Most discussion of “sustainability” for the last 30 years has been about how to ensure that what we do today is not at the expense of future generations. This is supposed to be so that future generations are safe from the damage done when current generations over-exploit the planet and ruin their future.
That was the theory but the overuse of the planet’s resources happened anyway. Growth got priority and future generations will pay for the planet’s consumer class and the idiocy of its economic priesthood. Ecological footprint analysis tells us that humanity (or rather the rich part of the humanity) has been consuming natural resources as if there were 1.7 planets. This overshoot, the inappropriate growth promoted by mainstream economists may end up sending future generations into earlier graves. They have a right to be angry. Humans born now will inherit an exhausted planet with an increasing number and intensity of disasters. 
According to a recent UN report, damage has increased over the last 40 years:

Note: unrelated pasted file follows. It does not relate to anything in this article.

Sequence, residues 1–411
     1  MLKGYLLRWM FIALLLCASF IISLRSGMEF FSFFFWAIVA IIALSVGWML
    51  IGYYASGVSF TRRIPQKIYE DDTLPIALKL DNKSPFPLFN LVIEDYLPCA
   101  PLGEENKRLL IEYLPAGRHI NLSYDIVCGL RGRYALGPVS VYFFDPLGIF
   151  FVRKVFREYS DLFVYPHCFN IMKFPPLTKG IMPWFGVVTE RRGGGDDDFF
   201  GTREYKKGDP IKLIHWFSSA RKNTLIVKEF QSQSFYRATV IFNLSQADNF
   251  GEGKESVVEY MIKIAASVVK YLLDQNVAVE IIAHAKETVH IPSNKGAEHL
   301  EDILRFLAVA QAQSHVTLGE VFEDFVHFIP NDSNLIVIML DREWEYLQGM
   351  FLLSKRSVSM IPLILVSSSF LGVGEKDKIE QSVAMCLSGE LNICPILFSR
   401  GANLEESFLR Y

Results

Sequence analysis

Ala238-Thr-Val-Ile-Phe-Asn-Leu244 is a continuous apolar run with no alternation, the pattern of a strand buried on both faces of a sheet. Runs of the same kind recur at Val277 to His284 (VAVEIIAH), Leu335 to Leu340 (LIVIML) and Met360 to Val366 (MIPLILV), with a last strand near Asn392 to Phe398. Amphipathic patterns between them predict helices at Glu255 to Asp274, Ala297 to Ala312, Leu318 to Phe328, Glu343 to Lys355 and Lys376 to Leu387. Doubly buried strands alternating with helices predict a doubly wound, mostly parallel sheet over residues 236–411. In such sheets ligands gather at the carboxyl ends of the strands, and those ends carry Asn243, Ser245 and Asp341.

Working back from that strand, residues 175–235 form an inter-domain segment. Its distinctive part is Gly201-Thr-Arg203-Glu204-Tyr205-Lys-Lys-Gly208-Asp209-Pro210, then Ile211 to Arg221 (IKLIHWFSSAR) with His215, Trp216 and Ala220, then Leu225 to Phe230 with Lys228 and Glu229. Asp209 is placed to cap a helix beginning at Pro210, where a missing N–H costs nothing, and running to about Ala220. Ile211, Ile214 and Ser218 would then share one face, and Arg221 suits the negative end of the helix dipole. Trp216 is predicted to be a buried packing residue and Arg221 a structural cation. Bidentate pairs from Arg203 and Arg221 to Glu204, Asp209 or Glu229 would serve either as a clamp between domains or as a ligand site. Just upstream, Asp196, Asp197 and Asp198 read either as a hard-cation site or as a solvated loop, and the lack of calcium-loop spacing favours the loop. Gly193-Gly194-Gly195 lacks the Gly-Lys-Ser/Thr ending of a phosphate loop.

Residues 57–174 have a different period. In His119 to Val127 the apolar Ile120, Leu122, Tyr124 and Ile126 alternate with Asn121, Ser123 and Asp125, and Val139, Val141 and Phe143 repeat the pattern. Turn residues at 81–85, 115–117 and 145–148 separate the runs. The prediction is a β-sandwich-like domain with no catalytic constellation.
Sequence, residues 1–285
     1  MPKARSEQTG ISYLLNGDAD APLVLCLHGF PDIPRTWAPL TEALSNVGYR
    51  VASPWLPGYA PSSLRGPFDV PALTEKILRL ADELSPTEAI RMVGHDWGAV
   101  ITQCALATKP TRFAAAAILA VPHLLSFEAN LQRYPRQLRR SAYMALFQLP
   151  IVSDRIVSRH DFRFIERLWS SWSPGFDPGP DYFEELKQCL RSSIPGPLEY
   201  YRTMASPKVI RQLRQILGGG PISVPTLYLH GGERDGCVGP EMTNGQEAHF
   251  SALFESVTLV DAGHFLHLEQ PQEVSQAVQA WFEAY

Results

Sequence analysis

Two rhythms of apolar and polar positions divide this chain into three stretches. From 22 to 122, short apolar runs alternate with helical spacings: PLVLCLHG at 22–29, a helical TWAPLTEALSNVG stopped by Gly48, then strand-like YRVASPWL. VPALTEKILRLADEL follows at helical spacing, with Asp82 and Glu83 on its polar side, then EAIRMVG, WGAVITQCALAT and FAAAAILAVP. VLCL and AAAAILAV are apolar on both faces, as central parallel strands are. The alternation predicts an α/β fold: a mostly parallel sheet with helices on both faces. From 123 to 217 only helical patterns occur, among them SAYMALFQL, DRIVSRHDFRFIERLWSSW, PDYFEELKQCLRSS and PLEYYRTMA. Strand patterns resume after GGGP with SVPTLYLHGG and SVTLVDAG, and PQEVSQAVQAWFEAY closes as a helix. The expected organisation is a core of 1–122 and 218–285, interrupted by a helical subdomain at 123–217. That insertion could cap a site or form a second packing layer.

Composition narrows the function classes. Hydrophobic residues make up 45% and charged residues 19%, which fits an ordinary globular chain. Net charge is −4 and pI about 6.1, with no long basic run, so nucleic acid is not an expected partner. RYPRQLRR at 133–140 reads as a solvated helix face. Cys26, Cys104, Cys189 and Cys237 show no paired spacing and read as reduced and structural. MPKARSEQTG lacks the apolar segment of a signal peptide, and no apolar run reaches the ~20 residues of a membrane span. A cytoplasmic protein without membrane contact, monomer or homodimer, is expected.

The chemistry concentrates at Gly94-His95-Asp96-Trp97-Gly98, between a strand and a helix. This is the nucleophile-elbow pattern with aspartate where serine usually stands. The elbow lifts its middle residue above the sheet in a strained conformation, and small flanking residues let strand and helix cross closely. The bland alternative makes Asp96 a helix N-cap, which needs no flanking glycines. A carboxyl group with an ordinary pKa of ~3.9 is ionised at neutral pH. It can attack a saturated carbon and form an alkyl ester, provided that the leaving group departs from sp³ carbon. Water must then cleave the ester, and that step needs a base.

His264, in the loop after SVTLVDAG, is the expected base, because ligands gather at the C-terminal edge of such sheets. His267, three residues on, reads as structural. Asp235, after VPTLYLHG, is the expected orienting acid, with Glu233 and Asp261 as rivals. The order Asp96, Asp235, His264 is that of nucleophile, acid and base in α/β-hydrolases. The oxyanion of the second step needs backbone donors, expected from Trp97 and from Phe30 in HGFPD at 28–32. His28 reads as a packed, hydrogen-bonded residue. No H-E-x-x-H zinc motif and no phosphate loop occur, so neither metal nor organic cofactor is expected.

“Between 1980 and 1999, 4,212 disasters were linked to natural hazards worldwide claiming approximately 1.19 million lives and affecting 3.25 billion people resulting in approximately US$1.63 trillion in economic losses.”
That was twenty years ago and it has got worse.
“In the period 2000 to 2019, there were 7,348 major recorded disaster events claiming 1.23 million lives, affecting 4.2 billion people (many on more than one occasion) resulting in approximately US$2.97 trillion in global economic losses. This is a sharp increase over the previous twenty years.” 
On current trends it will get worse again. We should not give up the campaigning against further overshoot but we now need to combine this fight with steps in communities to prepare for the disasters that are now baked in – because the growth fanatics cannot take in the dangers of rushing over planetary tipping points. We are facing climate crisis, biodiversity collapse, public health crises and economic turmoil that are already upon us.
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